Hoeber is not the first to use this optical tech for art purposes: Robert Smithson made his version in the 1960s and Salvador Dali did some in the 1970s. But Hoeber is, arguably, taking the device the furthest into the realm of human consciousness, by making it a wall-mountable, architectural structure that explores the uncanny valley, perception, and reality itself.
Inside In and Out of Captivity, which is also painted red, blue and green, Hoeber is pairing up a taxidermied parrot and a cage in the form of one of his string wall reliefs. When the images collapse, the seemingly free bird gets locked inside the off-kilter enclosure. In What Two Animals are Most Alike? Hoeber pairs up opposing sculptures he made to resemble the ambiguous rabbit-duck figure by American psychologist Joseph Jastrow. Hoeber painted one to appear more mallard; the other to give the sense of a white cottontail—whose “aspect perception” has been a subject of inquiry by everyone from Ludwig Wittgenstein to the writers of How I Met Your Mother. At Blum & Poe, it becomes a sculptural inquiry that blurs the lines of an illusion some have used to measure intelligence.
“It’s one of my favorite things that I’ve ever made,” says Hoeber, noting the sculpture not only collapses the rabbit-duck but, as a result of its open frame construction, reframes the gallery itself. “In a fairly neutral space, it does this really interesting thing where the white walls seem to oppose each other in your eyes.”
For two free-standing sculptures—one in mirrored glass, another in polished steel and aluminum—which both share their titles with the exhibition, Hoeber doubled up a pair of Wheatstone stereo viewers. When I looked in this fun house monolith I saw a fractalized version of Hoeber, smiling back at me, his beard, glasses and hoodie pulling apart at the seams. After witnessing so many illusions and grappling with so many perception shifts, you start to ask yourself: “Where did I go? Am I really here at all?”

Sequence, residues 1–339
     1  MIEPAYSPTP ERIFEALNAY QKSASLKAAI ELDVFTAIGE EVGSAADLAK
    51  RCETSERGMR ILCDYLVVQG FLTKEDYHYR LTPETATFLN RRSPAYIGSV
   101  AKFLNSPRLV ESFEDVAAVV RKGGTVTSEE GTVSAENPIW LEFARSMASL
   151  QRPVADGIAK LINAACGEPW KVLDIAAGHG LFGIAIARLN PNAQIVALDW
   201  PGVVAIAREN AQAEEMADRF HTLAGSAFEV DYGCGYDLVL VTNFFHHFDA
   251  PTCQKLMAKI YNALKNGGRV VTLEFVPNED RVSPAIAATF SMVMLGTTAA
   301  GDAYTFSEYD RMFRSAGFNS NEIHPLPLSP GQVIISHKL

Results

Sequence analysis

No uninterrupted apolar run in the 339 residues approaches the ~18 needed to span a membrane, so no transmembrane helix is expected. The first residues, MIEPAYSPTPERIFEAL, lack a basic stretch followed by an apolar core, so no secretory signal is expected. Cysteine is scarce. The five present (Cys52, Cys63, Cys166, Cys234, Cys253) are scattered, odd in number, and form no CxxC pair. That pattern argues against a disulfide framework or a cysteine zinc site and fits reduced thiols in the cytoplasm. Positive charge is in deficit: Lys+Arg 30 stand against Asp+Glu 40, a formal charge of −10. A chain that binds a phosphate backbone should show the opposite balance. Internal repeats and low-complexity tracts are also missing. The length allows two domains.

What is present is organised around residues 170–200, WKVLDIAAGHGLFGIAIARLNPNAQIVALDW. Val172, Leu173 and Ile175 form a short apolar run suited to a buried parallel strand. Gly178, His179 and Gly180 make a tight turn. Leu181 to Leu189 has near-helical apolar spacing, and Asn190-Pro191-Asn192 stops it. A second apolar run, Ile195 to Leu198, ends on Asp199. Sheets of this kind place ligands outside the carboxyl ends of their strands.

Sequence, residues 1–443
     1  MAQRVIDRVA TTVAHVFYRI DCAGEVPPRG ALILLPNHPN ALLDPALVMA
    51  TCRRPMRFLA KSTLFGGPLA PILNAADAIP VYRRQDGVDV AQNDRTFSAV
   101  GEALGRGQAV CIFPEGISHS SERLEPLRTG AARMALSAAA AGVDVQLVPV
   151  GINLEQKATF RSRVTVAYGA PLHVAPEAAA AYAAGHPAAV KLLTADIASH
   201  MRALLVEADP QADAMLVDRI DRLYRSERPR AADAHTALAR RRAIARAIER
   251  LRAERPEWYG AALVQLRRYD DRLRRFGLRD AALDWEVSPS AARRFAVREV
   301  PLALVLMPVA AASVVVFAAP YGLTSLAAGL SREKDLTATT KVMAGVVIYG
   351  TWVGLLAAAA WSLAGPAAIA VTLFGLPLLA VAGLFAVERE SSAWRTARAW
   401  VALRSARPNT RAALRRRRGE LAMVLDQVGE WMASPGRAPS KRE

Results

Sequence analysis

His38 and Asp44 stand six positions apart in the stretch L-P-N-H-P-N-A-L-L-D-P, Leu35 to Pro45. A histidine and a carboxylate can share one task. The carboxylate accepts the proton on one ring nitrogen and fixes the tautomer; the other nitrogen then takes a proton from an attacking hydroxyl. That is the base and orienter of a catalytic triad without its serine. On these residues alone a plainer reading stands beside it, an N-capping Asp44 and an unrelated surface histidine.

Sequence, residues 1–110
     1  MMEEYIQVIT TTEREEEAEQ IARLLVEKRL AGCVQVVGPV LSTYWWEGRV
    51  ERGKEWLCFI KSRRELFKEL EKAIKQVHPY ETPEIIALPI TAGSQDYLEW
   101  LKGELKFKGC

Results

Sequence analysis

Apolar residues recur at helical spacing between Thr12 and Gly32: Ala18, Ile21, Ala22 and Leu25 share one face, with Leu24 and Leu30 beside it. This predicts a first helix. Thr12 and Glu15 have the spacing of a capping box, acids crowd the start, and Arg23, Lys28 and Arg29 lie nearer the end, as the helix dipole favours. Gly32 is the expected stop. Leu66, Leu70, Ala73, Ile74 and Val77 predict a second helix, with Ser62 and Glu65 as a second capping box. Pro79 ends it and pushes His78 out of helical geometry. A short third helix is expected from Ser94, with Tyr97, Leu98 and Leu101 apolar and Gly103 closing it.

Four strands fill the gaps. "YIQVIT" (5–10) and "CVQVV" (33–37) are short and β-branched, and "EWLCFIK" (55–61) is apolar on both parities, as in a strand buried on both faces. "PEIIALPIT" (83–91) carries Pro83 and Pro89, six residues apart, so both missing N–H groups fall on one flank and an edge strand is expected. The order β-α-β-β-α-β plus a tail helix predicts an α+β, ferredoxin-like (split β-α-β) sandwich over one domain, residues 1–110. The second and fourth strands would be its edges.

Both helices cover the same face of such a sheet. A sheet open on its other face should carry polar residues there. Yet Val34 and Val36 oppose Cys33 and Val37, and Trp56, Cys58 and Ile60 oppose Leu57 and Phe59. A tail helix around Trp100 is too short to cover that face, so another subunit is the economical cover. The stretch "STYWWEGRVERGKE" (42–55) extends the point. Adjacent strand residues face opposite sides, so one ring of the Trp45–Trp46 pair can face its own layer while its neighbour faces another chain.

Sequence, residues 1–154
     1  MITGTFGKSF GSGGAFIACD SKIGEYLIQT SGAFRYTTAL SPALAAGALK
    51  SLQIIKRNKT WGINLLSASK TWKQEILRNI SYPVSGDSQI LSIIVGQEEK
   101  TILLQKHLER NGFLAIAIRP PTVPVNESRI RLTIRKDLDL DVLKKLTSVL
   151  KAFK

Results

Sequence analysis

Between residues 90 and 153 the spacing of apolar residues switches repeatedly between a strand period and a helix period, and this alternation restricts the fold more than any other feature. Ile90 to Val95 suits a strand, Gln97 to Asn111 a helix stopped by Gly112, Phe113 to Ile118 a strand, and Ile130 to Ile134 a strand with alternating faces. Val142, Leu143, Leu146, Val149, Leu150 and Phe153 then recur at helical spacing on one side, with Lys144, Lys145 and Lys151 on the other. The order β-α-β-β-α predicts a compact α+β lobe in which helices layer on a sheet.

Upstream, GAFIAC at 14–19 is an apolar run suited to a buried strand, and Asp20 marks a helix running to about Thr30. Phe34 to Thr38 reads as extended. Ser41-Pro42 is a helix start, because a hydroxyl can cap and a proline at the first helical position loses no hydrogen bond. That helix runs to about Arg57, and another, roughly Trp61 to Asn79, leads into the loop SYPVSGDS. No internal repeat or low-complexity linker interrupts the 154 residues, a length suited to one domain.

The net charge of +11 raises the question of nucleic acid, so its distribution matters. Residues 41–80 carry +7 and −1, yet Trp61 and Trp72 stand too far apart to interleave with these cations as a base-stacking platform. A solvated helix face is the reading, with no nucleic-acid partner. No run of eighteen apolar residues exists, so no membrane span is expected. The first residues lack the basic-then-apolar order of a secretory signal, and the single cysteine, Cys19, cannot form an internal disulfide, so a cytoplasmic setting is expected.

“It’s like I had a particular set of anxieties that I was trying to work out in my artwork when I was young. And then I started learning things about the world and they became ways to process that material. And that material goes from being anxiety to being content,” says Hoeber, who did nine years of Kleinian psychoanalysis.
This began in grad school at Art Center when he studied with Mike Kelley (and later when he worked in the studios of Paul McCarthy and Jim Shaw). After taking a few years off psychoanalysis, he jumped back into therapy with eye movement desensitization and he even tried to work on some AI versions of EMDR but abandoned those for sculpture. Hoeber is, however, working on some 3-D movies to extend his stereoscopic investigations into the future.
“The entire project for the last 20 years has been about trying to figure out this thing going on inside my mind. It feels very real, and I encounter you and I have to sort of just assume that you’ve got one of those happening for you, too. But I don’t have definitive evidence of that,” he says. “And the idea of objective versus subjective, interior versus exterior is this constant navigation, and the whole thing of art is taking your subjective experience and putting it into the world for someone else to absorb in a way that’s different than just being like, ‘Trust me, I’m a person.’”
At this fragile moment in the human experiment, Hoeber is inviting us to take a good, hard look in the mirror—especially ones that make you question if any of this is really happening.